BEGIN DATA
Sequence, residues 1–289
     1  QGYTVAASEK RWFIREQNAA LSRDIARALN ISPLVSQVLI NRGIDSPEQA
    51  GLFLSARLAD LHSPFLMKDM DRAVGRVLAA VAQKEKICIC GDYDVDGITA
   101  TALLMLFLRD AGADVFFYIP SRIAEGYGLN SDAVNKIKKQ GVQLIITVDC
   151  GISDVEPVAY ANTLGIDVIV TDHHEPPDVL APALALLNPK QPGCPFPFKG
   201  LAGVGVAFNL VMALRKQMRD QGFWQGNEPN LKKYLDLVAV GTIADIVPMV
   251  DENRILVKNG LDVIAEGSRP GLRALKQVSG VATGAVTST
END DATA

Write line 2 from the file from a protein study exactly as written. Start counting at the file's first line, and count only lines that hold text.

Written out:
     1  QGYTVAASEK RWFIREQNAA LSRDIARALN ISPLVSQVLI NRGIDSPEQA